Customized services: editing

Depending on your specific needs, I can edit your text on a variety of different levels. Those range from simply “dotting the i’s and crossing the t’s” to fully rewriting your draft text based on whatever information you provide. 

Each of the following levels of editing I offer is described in more detail below.

  • Light editing (copy-editing)
  • Medium editing (editing for flow)
  • Heavy editing (substantive editing)
  • Co-authoring (copywriting)
  • Sub-editing (proofreading)
  1. Light editing (copy-editing)

With light editing, I focus only on the basics: correct spelling, verb tense and punctuation, along with appropriateness of certain words or phrases. I look out for major inconsistencies in style, tone and register, but pay little attention to the content, readability or overall structure of the text. 

It is always a good idea to have a native speaker copy-edit your text if you plan to submit it for publication (e.g. in a peer-reviewed journal).

  1. Medium editing (editing for flow)

At this level, I concentrate on increasing the overall readability of your text, including the ‘flow’ of the information you present. I weigh the complexity of your sentences, turn unnecessary passive constructions into active ones, and keep an eye out for a clear and logical development of the arguments within your paragraphs. With your specific target audience in mind, I evaluate your use of technical terms and the accessibility of any visual materials you include. If I think certain passages are ambiguous and may confuse your readers, I will consult you to ensure the best formulation. Fact-checking for accuracy can take place at this level as well.  Editing a text for readability includes thorough copy-editing as well.

Heavy editing (substantive editing)

This is the most comprehensive level of editing since it essentially involves an analysis of the overall structure of the text. With substantive editing, I will look at your text with the following questions in mind:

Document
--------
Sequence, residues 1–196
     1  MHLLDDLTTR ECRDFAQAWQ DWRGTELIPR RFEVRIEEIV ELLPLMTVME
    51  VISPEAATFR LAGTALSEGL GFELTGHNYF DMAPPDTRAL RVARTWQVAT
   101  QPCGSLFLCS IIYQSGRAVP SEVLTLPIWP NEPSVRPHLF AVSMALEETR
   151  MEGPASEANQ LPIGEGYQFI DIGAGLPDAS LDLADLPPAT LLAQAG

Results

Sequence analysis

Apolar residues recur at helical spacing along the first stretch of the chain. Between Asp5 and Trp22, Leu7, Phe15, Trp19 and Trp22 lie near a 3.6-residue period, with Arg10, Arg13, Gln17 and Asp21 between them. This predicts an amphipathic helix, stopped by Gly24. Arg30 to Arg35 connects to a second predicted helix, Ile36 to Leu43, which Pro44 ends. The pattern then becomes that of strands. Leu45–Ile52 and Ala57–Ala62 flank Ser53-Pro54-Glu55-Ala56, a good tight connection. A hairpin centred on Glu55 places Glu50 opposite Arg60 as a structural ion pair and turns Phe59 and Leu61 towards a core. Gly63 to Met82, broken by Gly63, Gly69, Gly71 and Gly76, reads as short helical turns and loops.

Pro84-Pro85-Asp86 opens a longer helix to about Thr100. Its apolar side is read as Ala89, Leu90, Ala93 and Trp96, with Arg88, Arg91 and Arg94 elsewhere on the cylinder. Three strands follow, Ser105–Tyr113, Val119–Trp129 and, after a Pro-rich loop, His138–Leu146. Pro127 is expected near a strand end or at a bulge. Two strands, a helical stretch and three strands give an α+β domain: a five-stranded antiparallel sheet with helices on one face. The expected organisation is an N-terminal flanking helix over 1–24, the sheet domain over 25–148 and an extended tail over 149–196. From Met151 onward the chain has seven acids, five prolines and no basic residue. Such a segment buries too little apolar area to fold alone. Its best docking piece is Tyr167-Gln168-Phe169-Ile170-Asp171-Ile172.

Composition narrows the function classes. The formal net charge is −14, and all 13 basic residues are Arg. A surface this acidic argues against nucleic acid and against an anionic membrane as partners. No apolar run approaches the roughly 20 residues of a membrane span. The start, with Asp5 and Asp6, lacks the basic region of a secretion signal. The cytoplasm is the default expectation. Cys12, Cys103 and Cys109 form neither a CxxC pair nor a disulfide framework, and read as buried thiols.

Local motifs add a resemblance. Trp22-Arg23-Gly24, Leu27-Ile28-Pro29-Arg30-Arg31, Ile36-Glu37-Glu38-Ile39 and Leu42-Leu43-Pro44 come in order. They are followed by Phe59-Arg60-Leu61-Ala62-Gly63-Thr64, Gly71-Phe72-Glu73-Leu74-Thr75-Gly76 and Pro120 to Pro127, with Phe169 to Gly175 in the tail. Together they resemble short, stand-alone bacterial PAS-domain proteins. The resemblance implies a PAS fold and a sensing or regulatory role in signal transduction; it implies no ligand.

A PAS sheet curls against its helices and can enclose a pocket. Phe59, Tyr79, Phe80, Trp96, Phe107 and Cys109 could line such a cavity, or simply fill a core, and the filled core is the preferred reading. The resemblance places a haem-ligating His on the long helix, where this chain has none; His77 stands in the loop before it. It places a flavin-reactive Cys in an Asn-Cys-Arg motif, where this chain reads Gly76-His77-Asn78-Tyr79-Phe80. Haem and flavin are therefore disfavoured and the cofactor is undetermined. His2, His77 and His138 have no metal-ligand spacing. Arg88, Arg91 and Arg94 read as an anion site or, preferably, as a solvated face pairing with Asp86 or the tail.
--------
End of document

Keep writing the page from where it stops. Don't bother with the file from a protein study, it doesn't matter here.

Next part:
• Is your main message always clear to your readers (at the text, section and paragraph levels)?
  • Do you present your information in a logical sequence (from the reader’s point of view)?
  • Do the various sections all fit together to form a coherent whole?
  • Is the information structured in proper English paragraphs (in contrast to Dutch alinea’s, for example)?
  • Are there any gaps in the information? Have you included everything your readers need to know?
  • Is there any unnecessary repetition or irrelevant information?
  • Is your writing style balanced and consistent throughout?
  • Is your text easy to “navigate” (e.g. does it have a table of contents, informative headings above sections and subsections, and clear references to and explanations of any tables or graphs)?

Any restructuring or rewriting of part or all of the text will always take place in close consultation with the author. Before a text can be edited on this level, it may require editing on the first two (light and medium) levels.

  1. Co-authoring (copywriting)

This is where editing turns into full-on writing. First, you will provide me with all the necessary information in the form of a (very) rough draft. We will then discuss what you want to say and how you would like the information to come across. Afterwards, I will turn your information into a flowing text that is fully targeted to the particular audience you want to reach. Such co-creation projects are a blend of editing, copywriting and consulting.

  1. Sub-editing (proofreading)

Sub-editing is different from the other kinds of editing described above. Strictly speaking, it involves only a final check for things like missing or misspelled words or typographical errors, incorrect capitalization, improper word division or inconsistent pagination. Sub-editing is done just before your text goes to the printer – usually only after it has already been thoroughly copy-edited and fully laid out on the pages of the brochure, magazine/journal or book. That means that only very minor but essential changes can be made during proofreading. Having an independent set of eyes proofread your text in this way can help you avoid the frustration of discovering embarrassing mistakes only after your text has been published.